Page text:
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Ways to Cook Shoulder Steak

author image Michelle Kerns
Michelle Kerns writes for a variety of print and online publications and specializes in literature and science topics. She has served as a book columnist since 2008 and is a member of the National Book Critics Circle. Kerns studied English literature and neurology at UC Davis.
Ways to Cook Shoulder Steak
Ways to Cook Shoulder Steak

Shoulder steak is a boneless cut of beef that's often alternatively labeled as London broil, English steak, Swiss steak or beef chuck shoulder steak. It is rich in flavor, typically inexpensive and low in fat; however, "New York Times" food writer and cookbook author Mark Bittman cautions that, because of its large amount of muscle and connective tissue, shoulder steak can end up tough and unpleasantly chewy if not cooked correctly.

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Bittman contends that the best way to cook shoulder steak is by braising. Braising a cut of beef involves browning the meat in a small amount of fat, adding a liquid like water or broth, then covering the pan and allowing the cooking process to finish over low heat. This method adds little saturated fat if you use a vegetable oil like olive oil for the browning step and allows plenty of room for variety: Vary the herbs and seasonings used, or braise the steak in wine or juice. Add chopped carrots, potatoes or zucchini for more nutrition.


You can grill shoulder steak successfully, but only if you marinate it first, says the Texas Beef Council. For a marinade that can help add tenderness to your shoulder steak, use one that includes oil, seasonings and an acidic component such as vinegar or lemon juice. Including salt can enhance the marinade's flavor, but avoid it if you're watching your sodium intake. To help the marinade penetrate as far as possible into the steak, use a sharp knife to make diagonal gashes into the meat's surface and allow it to marinate for between six to 24 hours.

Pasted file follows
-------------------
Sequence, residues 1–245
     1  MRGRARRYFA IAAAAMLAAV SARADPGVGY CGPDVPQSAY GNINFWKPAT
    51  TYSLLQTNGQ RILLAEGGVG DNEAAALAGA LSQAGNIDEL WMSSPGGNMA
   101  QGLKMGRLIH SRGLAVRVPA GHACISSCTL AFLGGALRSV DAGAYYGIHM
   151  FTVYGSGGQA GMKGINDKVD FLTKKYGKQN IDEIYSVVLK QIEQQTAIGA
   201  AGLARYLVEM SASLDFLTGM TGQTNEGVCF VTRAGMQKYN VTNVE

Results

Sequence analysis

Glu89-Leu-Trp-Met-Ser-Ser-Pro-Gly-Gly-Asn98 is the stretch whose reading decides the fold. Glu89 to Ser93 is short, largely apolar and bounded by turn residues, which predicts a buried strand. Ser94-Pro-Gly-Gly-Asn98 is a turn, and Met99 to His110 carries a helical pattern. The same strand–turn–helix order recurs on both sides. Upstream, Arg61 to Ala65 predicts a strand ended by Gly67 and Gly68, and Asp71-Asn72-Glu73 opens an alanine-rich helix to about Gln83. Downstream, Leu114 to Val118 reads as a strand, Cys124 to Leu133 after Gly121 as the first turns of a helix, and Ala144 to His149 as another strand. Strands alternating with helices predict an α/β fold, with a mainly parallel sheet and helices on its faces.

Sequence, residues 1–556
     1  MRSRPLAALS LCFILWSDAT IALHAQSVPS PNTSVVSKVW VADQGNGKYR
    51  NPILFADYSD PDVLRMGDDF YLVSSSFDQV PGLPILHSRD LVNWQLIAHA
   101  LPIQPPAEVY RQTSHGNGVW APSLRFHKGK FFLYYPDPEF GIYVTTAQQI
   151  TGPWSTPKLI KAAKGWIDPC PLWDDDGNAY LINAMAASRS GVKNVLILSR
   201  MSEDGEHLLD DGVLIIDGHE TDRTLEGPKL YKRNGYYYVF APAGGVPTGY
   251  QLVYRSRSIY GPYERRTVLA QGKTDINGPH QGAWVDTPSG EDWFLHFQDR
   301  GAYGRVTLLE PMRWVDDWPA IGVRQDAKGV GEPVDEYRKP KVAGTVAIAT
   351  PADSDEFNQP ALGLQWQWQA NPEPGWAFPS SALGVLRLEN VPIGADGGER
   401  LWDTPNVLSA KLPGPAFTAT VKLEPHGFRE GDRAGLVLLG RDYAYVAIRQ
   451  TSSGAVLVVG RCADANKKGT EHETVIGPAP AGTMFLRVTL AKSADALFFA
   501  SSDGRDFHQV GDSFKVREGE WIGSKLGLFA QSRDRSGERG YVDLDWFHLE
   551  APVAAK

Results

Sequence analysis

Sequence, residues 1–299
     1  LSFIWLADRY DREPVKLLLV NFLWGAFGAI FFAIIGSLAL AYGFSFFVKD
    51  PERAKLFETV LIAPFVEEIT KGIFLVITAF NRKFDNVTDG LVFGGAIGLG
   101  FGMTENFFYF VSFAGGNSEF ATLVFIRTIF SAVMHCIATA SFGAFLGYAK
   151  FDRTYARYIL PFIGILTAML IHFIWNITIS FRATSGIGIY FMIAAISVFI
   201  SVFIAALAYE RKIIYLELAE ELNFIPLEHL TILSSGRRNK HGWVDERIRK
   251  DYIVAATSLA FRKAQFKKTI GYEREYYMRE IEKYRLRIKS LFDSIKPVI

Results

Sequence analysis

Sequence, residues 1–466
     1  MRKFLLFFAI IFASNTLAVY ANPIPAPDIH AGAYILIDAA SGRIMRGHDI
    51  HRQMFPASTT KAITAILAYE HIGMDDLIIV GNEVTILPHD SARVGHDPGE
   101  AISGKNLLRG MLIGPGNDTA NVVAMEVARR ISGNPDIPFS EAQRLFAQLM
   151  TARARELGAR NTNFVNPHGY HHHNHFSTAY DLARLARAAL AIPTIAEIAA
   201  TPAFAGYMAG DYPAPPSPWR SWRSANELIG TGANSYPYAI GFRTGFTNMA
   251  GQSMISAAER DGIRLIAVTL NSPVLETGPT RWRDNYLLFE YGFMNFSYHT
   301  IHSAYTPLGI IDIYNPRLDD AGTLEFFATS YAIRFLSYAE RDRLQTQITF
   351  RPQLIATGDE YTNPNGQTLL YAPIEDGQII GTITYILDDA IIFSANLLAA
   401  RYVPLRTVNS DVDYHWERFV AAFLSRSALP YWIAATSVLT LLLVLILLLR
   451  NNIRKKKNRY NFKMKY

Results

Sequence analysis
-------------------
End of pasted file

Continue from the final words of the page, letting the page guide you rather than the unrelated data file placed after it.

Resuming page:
Broiling is another low-fat method that can be used to cook shoulder steaks that have been marinated for at least six hours and up to 24 hours. The key to broiling shoulder steak is to take the thickness of the cut into account. If you have a steak that is approximately 1 inch thick, adjust your rack so that the surface of the premarinated meat is between 3 to 4 inches from the heating element. For thinner cuts, aim for the meat to be about 2 to 3 inches from the heat.


Stewing differs from braising in that stewing involves slowly cooking chopped pieces of meat in liquid instead of a large, whole cut of beef. Cube the shoulder steak, brown it in oil and cook it at a simmer in your choice of liquid and seasonings. Make it into a typical stew by adding chopped vegetables and thickening it with mixture of cornstarch or flour and water. A slow cooker is a simple way to prepare stewed shoulder steak: After browning the meat, place it in the slow cooker with the liquid and cook on low for at least seven hours, adding the thickener in the final half-hour.

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